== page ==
NL invests $3.6 million in new MUN distance-ed master's nursing program

Memorial University’s School of Nursing, in collaboration with the Centre for Nursing Studies, has launched a new nurse practitioners master's program. The master of nursing nurse practitioner program began in January 2013 with significant funding support from the Newfoundland and Labrador government. The province is investing approximately $3.6 million in the MNNP program over 5 years. The 2-year nurse program is being offered through MUN in collaboration with the Centre for Nursing Studies. Over the past 2 years, faculty from both sites worked together to develop curriculum for the new program. The program is unique in that it is offered through distance education, which allows nurses to advance their education while continuing to work in their field. The MNNP program is one of 2 new graduate programs at the university’s School of Nursing. The other, a PhD in nursing, will begin this fall. MUN News Release | NL News Release

BMO Financial's $1.25-million gift to support WLU business school

Wilfrid Laurier University's School of Business & Economics announced yesterday a $1.25-million gift from BMO Financial Group, which will support entrepreneurship and global education initiatives for students. The donation from BMO Financial will fund a professorship in entrepreneurship that will support curriculum, program development, and research in entrepreneurship across all faculties at WLU. The gift will also support students involved in international exchange programs, as well as provide 210 academic scholarships and grants. With more than $2 million donated to the university over the years, BMO Financial Group and WLU have enjoyed a long-standing partnership. WLU News Release

Low-income secondary students in Ontario likelier to be in applied courses

Over the past decade, Ontario has had great success in boosting secondary school graduation rates and sending more graduates on to PSE or apprenticeships. But some students still do not share equally in that educational success, and many of them are taking applied courses in Grades 9 and 10, according to a new report from People for Education. Since 1999, Ontario has revised the high school curriculum and today most students take academic or applied courses in Grades 9 and 10 for required credits such as English, math, and science. In theory, the same material is to be covered, with the academic being more theoretical while the applied is more hands-on. The report observes that students in applied courses have a reduced chance of graduating from secondary school and that schools with a large proportion of students taking applied mathematics in Grade 9 have lower average family incomes and lower levels of parental education. Some students take applied courses because they believe they are easier. But the report notes that data show that, ironically, students in applied courses are less likely to be successful. For example, a 2012 report from the Toronto District School Board showed that students in applied courses in Grade 9 were 29% less likely to graduate within 4 or 5 years and half as likely to pursue PSE. People for Education's executive director says the findings show that "it is time to look more closely at who is choosing applied courses, why they are being chosen, what advice parents and students are receiving in Grade 8 when the choices must be made" and whether the academic/applied system automatically handicaps already vulnerable students. People for Education News | Toronto Star | Report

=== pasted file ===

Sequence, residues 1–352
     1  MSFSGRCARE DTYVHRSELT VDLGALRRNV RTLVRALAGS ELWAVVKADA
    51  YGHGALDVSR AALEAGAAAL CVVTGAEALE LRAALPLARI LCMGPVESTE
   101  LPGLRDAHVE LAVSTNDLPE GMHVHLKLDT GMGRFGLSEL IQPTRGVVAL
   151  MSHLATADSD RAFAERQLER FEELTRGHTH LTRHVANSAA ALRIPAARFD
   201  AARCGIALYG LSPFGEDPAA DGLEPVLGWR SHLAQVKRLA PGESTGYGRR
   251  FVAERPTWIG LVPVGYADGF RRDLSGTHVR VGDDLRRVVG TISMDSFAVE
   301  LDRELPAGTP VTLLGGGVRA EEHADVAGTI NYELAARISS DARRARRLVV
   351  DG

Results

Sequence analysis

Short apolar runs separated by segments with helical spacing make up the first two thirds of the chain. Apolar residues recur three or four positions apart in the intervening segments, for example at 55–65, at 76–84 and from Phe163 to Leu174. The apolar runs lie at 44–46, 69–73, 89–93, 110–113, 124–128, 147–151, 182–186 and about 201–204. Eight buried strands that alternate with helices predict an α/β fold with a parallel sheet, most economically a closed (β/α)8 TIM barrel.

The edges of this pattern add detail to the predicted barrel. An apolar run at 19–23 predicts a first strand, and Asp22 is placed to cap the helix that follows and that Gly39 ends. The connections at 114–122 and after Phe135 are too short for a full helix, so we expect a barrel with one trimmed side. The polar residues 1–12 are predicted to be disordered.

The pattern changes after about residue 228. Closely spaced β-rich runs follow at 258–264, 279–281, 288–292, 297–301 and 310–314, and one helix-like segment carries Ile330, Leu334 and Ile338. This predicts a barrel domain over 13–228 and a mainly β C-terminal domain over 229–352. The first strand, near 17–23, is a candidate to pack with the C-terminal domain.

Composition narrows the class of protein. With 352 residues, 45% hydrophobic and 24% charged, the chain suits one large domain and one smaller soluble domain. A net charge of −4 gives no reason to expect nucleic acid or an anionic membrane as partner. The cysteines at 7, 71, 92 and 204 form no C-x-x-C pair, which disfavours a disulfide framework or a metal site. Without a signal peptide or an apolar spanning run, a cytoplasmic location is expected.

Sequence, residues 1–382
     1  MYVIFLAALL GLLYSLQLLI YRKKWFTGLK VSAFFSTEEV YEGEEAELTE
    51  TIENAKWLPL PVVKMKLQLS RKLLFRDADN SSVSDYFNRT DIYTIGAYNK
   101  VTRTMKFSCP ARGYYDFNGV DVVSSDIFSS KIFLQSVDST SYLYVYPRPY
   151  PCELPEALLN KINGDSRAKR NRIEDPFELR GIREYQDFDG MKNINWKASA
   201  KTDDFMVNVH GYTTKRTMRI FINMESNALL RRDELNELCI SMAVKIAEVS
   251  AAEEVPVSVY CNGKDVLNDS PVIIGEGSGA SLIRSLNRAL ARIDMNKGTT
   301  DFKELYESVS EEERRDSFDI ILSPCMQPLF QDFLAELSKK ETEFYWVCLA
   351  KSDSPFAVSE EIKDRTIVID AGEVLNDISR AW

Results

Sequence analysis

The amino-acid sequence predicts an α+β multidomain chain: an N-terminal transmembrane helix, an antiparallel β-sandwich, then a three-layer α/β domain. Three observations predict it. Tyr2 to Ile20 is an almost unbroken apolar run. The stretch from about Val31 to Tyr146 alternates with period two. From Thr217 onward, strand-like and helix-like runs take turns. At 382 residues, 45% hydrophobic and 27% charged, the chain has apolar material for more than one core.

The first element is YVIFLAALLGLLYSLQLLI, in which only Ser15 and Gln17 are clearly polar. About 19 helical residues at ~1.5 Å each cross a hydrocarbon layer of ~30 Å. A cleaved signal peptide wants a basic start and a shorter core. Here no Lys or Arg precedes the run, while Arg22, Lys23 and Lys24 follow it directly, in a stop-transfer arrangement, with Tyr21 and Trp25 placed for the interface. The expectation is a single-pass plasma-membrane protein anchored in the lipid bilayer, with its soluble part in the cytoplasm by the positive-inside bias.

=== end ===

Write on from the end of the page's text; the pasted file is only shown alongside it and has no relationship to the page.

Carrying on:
First pan-European MOOC opens for business

Partners from 11 European countries, including the UK's Open University, have signed up to OpenupEd, which currently provides access to around 40 free courses in 12 different languages. Supported by the European Commission, the site contains a database of courses ranging from mathematics to fiction writing, which each partner institution offering its courses via its own website. The OpenupEd site has university partners in France, Italy, Lithuania, the Netherlands, Portugal, Slovakia, Spain, UK, Russia, Turkey and Israel. Courses are available in all of the countries’ native languages, as well as Arabic, and range from 20 to 200 hours of study. All courses may lead to recognition such as a certificate of completion or a credit certificate that may count towards a degree. Times Higher Education

Students' study habits not predicated on parents’ education, US study finds

According to a new study out of the Indiana University Center for Postsecondary Research, parents' levels of education do not directly influence whether students demonstrate behaviours associated with deep learning. 9,000 students at 80 institutions in the US were surveyed and asked how often they applied knowledge to solve practical problems, integrated information from different sources outside class, and interrogated their existing views on a subject. These and other questions were intended to reflect the extent to which students engage in higher-order, integrative, and reflective learning. Though the overall differences were small, students whose parents earned baccalaureate degrees were the least likely to engage in deep learning. The study's author found that not only did these students lag behind those whose parents held advanced degrees, but they also engaged in deep-learning behaviours less often than those whose parents had attended but not completed college, or who never went at all. The Chronicle of Higher Education (subscription required)